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In some areas of the world, the environmental benefits of owning an EV can be undermined by the source of the electricity used to recharge said vehicle. This is not the case right here in Ontario where the vast majority of our power comes from two sources: nuclear and hydro.

In fact, these two sources alone combine to create 79.1% of the electricity used to power our homes and our lives. This information becomes even more compelling for the prospective EV owner when you take into consideration the very low cost of electricity during off-peak periods.

In Ontario, off-peak periods include all day on weekends and statutory holidays, and from 7 p.m. to 7 a.m. on regular weekdays.

If an EV is charged overnight, the most common time to do so, the cost to travel 100 km on that charge would be just $1.59. This same trip would cost approximately $5.40 in a 2011 Honda Civic Hybrid, one of the most fuel-efficient non-plug-in hybrids on the road today. The cost to fuel a 2011 Toyota Yaris, one of the most fuel-efficient non- hybrid cars around, would be about $7.68.

Nissan Canada estimates that the cost to power the LEAF for a year, assuming average annual driving distance of 20,000 km, is just $320. When you think about the continued volatility of fuel prices, that figure represents a very comforting thought.

Of course, there is other math to consider. Electric vehicles and hybrids are, most often, more expensive than their entirely gasoline- or diesel-powered counterparts.

But pure electric vehicles and plug-in hybrids also qualify for a provincial rebate in Ontario that ranges from $5,000 to $8.500, depending on battery capacity. This incentive makes all the EVs and PHEVs currently available for sale here a lot more palatable.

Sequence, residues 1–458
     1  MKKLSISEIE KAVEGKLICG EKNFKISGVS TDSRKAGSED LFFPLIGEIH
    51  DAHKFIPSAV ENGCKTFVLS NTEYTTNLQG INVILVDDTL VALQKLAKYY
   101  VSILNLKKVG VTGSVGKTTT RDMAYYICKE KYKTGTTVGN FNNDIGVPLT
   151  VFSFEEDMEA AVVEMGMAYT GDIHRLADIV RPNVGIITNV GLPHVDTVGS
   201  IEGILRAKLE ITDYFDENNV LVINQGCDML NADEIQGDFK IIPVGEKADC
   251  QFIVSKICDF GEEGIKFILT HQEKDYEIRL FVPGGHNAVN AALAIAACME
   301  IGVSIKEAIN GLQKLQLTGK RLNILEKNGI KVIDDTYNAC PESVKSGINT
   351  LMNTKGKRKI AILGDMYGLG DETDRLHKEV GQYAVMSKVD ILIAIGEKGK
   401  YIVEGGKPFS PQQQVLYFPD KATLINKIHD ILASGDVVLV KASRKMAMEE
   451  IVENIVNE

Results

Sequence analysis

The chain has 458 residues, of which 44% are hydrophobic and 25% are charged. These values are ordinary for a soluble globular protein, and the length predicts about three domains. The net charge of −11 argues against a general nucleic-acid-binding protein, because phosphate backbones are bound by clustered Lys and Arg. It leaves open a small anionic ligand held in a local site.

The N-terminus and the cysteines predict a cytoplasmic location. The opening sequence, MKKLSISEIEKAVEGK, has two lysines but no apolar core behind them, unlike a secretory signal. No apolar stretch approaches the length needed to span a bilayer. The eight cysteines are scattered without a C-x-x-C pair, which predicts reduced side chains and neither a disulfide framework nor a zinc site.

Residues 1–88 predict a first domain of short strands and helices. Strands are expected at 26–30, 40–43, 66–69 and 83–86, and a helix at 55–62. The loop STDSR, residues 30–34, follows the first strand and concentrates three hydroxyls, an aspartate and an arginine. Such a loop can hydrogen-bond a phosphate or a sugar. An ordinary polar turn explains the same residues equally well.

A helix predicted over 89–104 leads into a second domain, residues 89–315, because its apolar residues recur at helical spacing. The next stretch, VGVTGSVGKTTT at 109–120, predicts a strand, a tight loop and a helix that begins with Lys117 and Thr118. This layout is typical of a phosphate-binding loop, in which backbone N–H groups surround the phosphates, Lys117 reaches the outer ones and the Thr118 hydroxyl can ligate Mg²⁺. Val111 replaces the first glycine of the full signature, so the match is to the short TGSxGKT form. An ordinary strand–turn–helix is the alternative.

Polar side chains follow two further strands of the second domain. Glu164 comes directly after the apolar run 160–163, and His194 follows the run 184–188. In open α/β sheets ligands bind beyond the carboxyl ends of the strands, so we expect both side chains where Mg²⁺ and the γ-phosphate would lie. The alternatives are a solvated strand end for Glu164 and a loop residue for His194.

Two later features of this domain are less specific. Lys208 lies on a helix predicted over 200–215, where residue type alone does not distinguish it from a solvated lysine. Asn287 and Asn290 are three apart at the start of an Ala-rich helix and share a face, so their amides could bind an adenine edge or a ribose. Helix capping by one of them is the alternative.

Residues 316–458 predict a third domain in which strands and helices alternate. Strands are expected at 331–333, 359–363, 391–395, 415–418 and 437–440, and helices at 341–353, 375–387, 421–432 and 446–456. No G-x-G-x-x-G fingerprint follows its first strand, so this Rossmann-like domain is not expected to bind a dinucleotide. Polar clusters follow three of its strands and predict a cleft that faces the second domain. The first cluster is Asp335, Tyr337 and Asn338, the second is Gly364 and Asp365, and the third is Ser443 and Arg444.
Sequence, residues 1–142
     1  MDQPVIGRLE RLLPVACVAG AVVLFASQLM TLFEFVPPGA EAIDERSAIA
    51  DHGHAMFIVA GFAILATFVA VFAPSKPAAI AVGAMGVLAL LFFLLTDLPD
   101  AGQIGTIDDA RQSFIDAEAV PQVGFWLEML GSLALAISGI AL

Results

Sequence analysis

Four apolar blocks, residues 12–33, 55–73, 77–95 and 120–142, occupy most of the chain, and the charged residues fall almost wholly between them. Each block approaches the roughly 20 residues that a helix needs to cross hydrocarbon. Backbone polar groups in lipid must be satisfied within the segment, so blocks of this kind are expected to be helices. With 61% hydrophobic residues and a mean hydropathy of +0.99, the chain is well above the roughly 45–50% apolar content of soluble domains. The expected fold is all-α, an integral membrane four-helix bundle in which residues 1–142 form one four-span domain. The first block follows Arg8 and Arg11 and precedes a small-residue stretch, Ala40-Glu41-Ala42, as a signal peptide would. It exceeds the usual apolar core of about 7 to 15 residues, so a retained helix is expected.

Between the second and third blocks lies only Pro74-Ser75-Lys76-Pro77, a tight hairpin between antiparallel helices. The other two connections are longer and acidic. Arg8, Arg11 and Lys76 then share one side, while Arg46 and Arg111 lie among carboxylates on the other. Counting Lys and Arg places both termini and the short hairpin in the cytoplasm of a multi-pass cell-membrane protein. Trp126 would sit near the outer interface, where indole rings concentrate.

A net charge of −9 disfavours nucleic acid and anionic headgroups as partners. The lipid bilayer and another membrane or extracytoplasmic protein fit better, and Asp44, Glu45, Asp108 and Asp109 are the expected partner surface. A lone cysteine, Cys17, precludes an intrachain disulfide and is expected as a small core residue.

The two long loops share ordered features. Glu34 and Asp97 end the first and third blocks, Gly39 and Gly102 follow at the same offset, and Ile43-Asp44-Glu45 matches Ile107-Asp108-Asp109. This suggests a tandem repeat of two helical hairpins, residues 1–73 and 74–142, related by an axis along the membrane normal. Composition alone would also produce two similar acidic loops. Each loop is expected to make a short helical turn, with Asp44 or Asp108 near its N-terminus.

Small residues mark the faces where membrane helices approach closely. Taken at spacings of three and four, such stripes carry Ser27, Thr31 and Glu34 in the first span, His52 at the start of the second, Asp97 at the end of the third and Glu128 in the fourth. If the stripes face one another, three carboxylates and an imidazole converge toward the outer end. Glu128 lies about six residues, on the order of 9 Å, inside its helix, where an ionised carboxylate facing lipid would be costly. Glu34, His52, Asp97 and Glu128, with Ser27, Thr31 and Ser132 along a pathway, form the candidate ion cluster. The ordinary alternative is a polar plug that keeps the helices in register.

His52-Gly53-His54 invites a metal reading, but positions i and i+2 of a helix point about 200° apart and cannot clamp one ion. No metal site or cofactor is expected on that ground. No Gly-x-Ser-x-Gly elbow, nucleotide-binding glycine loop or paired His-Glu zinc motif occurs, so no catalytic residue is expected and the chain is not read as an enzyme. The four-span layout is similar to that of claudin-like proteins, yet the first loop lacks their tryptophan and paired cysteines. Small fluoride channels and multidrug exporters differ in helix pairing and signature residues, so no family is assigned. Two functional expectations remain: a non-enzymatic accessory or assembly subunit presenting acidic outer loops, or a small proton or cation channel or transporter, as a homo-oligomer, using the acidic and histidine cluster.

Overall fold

But there’s another key consideration to take into account apart from dollars and cents: tailpipe emissions. While the Honda Civic Hybrid and Toyota Yaris are among the most eco-friendly of small cars, they can’t hold a candle to an EV in terms of cleanliness.

In the Yaris, that 100-km trip would emit 14.72 kg of CO2 into the atmosphere, while in the Civic Hybrid, that figure would be 10.4 kg of CO2. Although the EV has no tailpipe emissions whatsoever, the estimated impact of the plants used to generate the electricity in Ontario is just 1.7 kg of CO2. In other words: a big difference.

“Many of us have already moved to energy-efficient appliances and light bulbs,” notes Cara Clairman, President and CEO of Plug’nDrive Ontario. “But few other actions can reduce your greenhouse gas emissions as significantly as switching from a gas-powered car to an EV or plug-in hybrid.”

According to recent statistics from the Ministry of Energy, 31% of greenhouse gas creation in Ontario still comes from transportation. So despite the fact that the average gas- or diesel-powered vehicle is far cleaner than ever before, it’s still a far cry from the average EV.

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